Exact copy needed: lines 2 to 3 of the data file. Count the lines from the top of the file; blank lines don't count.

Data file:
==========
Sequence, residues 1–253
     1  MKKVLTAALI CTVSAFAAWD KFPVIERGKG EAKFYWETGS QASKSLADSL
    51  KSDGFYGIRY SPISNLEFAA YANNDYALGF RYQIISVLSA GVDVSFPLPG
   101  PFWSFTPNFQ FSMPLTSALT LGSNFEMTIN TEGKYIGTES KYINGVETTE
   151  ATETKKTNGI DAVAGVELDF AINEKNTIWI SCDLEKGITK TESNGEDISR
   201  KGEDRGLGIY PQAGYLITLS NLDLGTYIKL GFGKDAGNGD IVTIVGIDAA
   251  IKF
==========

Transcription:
     1  MKKVLTAALI CTVSAFAAWD KFPVIERGKG EAKFYWETGS QASKSLADSL
    51  KSDGFYGIRY SPISNLEFAA YANNDYALGF RYQIISVLSA GVDVSFPLPG